“You are now about to witness the strength of street knowledge.”
While I’m sure that N.W.A. wasn’t referring to google maps when they said this at beginning of Straight Outta Compton, this line was all I could think about when I stumbled on to this map today:
This is a curated map that tells the story of Hae Min Lee’s murder from the first season of Serial (a hugely successful podcast from the Fall of 2014). Someone took all of the important locations from the story and plotted them on this google map.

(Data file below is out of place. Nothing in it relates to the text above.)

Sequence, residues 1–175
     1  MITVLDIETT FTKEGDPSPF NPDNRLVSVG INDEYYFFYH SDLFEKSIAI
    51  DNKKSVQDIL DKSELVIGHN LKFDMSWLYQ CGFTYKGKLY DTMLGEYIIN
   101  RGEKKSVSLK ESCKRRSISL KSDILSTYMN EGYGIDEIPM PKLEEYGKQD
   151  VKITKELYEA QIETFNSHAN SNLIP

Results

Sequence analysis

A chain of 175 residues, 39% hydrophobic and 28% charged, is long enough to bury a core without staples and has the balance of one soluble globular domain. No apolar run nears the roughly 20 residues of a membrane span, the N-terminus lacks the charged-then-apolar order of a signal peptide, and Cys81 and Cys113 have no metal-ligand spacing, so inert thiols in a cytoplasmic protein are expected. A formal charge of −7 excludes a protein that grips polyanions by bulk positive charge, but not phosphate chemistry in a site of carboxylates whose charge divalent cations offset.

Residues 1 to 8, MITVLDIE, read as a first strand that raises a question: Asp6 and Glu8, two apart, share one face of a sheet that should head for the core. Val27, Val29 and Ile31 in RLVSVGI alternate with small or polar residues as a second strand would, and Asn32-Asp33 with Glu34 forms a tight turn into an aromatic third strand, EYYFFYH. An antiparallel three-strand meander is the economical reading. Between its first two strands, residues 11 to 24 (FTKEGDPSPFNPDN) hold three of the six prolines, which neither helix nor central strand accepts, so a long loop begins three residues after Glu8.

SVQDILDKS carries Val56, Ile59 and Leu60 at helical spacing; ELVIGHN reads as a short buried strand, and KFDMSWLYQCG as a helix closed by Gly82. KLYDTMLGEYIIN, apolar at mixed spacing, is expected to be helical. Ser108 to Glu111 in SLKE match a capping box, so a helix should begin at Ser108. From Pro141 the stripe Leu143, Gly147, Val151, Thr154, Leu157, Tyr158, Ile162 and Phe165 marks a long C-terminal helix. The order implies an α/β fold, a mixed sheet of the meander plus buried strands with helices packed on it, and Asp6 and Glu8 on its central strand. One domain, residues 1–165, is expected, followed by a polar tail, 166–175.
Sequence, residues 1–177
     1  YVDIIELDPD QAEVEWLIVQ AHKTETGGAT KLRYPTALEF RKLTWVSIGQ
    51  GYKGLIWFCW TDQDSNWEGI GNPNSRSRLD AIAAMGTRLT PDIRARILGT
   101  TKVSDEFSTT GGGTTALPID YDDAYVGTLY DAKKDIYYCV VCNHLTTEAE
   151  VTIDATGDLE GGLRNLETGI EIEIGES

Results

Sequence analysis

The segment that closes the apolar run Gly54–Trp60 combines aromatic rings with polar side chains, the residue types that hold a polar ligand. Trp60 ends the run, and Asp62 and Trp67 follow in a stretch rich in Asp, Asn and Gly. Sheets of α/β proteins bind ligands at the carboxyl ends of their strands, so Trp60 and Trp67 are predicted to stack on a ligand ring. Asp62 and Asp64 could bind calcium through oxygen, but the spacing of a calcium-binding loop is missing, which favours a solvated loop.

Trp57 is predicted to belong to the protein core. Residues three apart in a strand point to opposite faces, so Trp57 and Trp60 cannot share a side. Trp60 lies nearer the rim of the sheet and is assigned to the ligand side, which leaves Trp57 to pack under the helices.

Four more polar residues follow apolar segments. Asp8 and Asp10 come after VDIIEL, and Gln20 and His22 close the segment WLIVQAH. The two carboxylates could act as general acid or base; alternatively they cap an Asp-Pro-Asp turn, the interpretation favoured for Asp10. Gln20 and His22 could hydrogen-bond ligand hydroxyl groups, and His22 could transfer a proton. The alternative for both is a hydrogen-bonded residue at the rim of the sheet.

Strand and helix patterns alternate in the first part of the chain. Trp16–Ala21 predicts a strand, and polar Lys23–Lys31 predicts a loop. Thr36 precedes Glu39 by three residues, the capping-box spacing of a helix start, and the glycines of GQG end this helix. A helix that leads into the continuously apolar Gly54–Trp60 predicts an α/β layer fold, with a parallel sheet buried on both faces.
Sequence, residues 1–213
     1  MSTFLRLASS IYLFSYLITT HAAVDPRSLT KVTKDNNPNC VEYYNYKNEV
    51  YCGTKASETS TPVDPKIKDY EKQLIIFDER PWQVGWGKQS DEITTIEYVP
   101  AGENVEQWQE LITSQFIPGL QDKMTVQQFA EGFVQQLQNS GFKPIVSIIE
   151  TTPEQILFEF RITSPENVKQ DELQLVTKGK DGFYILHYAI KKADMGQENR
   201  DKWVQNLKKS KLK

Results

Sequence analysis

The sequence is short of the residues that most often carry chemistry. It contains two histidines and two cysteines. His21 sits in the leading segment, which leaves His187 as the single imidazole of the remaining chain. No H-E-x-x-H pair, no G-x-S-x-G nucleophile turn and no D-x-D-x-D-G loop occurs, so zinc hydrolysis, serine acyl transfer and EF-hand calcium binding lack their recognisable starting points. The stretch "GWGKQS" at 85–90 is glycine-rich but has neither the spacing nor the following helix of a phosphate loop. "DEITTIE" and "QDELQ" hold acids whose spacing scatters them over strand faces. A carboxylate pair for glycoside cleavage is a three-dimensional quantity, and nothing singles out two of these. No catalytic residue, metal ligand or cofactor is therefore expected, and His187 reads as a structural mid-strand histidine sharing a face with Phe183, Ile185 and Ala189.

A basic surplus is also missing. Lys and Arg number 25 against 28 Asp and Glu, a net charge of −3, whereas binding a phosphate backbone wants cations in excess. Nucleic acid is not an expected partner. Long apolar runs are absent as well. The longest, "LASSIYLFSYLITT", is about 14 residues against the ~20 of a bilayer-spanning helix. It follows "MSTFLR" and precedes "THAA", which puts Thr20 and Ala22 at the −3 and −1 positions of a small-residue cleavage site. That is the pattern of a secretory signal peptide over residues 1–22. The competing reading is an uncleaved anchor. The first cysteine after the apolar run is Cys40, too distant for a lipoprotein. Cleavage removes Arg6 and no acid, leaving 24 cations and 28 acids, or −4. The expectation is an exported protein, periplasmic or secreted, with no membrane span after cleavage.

I know, the skeptics are saying: “Big deal, someone marked the plot and setting of a story in an unconventional way. Nice gimmick.”
But that’s not what I see.
I see deep thinking and understanding of a text. I see evidence of listening (or learning made visible if you want to take a page from one of Ontario’s latest Capacity Building monographs). I see opportunities to learn more (if you click on each of the locations, then you can see them in street view; you can plot times and distances to corroborate or disprove Adnan and Jay’s stories). I see an example of passionate learning.
I also wonder about the many different ways that students could create custom maps to act as tools for and evidence of learning.